Computational logic is at the heart of everything a computer does, making a number of decisions that tell a computer what to do and when to do it.
- If you have ever used a computer (since you’re reading this website we will assume you have!) then you know that in order to use it, you have to first switch it on.
- Then, when you have finished with it, you will have to turn it off again.
- In order to turn your computer on you need electricity, providing power to your computer in order to make it work. Without electricity, a computer is just a very expensive paperweight.
- Through use of binary arithmetic, which is a very precise form of mathematics, a computer uses electricity to do all of the complex logic that makes it work. However, whilst electricity is a physical entity, it is impossible for a human to read the electricity in a computer and make sense of it. Therefore, to make a computer useful the electricity has to be converted to something that humans understand and can interact with. Take this article, for example. In order to read this web page your computer has connected to the computer on which this website is stored, and all of this text has been sent as an electrical signal to your computer. Then, your computer has read the electrical information and sent it to your screen, in order to display the text in a format that you are able to understand.
This is abstraction in computer science: hiding the complex methods used by a computer to work and providing an easy way for humans to use it.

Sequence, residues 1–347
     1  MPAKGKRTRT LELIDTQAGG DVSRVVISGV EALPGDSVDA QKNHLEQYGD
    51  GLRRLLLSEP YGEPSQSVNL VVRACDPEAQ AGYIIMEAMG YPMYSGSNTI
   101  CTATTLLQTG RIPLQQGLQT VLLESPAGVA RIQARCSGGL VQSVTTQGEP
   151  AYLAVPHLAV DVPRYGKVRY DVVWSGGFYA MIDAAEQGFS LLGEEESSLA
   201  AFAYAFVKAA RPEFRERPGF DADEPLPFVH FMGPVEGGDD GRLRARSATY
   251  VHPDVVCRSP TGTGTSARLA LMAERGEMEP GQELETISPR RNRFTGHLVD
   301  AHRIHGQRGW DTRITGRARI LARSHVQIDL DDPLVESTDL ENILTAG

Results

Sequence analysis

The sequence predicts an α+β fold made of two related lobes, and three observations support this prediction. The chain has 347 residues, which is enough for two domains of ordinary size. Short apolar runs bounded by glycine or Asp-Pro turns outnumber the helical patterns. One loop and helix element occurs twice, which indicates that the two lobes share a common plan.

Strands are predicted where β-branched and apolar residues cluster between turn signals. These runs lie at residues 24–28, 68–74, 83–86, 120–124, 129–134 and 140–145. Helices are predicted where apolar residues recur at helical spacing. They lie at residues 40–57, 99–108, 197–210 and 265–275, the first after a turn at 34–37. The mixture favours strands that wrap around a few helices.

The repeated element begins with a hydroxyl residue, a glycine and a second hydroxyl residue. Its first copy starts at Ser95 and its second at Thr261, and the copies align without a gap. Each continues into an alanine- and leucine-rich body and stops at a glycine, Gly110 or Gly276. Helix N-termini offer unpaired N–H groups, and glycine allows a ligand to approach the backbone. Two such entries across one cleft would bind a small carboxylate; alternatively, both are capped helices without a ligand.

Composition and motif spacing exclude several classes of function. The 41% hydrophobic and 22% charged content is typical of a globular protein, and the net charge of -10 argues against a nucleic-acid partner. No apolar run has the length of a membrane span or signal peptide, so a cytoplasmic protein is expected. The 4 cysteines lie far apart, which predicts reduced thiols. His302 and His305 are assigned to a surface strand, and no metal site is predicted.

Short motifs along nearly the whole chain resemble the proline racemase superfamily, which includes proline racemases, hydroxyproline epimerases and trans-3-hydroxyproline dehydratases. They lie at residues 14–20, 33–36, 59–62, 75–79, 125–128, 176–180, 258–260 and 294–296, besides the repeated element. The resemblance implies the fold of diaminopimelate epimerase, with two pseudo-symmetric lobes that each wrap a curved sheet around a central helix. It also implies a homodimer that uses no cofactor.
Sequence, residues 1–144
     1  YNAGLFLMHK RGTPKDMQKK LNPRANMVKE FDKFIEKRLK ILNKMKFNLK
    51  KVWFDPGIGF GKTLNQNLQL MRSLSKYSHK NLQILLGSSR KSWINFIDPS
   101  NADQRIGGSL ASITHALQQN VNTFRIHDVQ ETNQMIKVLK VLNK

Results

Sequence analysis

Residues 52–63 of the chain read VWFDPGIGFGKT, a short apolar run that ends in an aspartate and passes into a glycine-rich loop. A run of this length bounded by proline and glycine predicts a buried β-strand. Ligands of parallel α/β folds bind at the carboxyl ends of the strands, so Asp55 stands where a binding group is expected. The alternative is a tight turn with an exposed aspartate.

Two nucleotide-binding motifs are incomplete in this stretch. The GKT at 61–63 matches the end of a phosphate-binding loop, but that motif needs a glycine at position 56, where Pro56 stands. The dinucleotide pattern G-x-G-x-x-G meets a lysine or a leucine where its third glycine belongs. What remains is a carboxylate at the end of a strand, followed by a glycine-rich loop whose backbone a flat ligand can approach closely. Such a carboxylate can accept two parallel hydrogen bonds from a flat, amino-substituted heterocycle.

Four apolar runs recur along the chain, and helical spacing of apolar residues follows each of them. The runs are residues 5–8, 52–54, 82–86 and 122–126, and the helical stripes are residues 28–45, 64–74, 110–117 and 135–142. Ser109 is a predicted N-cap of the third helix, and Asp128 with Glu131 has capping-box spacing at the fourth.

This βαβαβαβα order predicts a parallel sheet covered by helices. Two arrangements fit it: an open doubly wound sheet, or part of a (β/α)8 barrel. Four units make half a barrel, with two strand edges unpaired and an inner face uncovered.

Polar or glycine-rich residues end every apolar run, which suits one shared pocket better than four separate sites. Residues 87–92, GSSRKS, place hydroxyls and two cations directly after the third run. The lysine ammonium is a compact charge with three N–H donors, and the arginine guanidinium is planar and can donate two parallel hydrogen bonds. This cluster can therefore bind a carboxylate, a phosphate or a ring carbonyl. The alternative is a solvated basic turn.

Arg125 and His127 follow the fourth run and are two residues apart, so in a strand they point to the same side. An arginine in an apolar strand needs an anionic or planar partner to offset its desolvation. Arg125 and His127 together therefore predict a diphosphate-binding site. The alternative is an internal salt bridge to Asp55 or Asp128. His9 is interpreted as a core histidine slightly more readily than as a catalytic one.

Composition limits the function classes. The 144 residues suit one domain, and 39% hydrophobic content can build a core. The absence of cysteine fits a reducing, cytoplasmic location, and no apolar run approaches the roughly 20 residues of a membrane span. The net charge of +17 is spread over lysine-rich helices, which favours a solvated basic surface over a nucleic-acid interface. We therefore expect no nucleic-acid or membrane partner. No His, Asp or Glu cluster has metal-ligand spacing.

In programming this is extremely important, as without abstraction every programmer would have to understand and be able to manipulate binary arithmetic, a very complex science, which would put up a very large barrier to entry for prospective programmers. With the growth of computing worldwide there has been a huge increase in demand for people able to write code and build programs. If every single one of these programmers had to understand binary arithmetic in detail then it would be very difficult to train prospective coders and we would have a worldwide shortage. Therefore, abstraction has been used to hide the complexity of writing code to make it more accessible to the everyday user.
In computer science the term "low-level programming" is a term used to describe programming languages that haven’t used abstraction and don’t hide the complexity of the code, whilst "high-level programming languages" are languages that make extensive use of abstraction to hide complexity. There are pros and cons to using both.
Abstraction in KS1 computing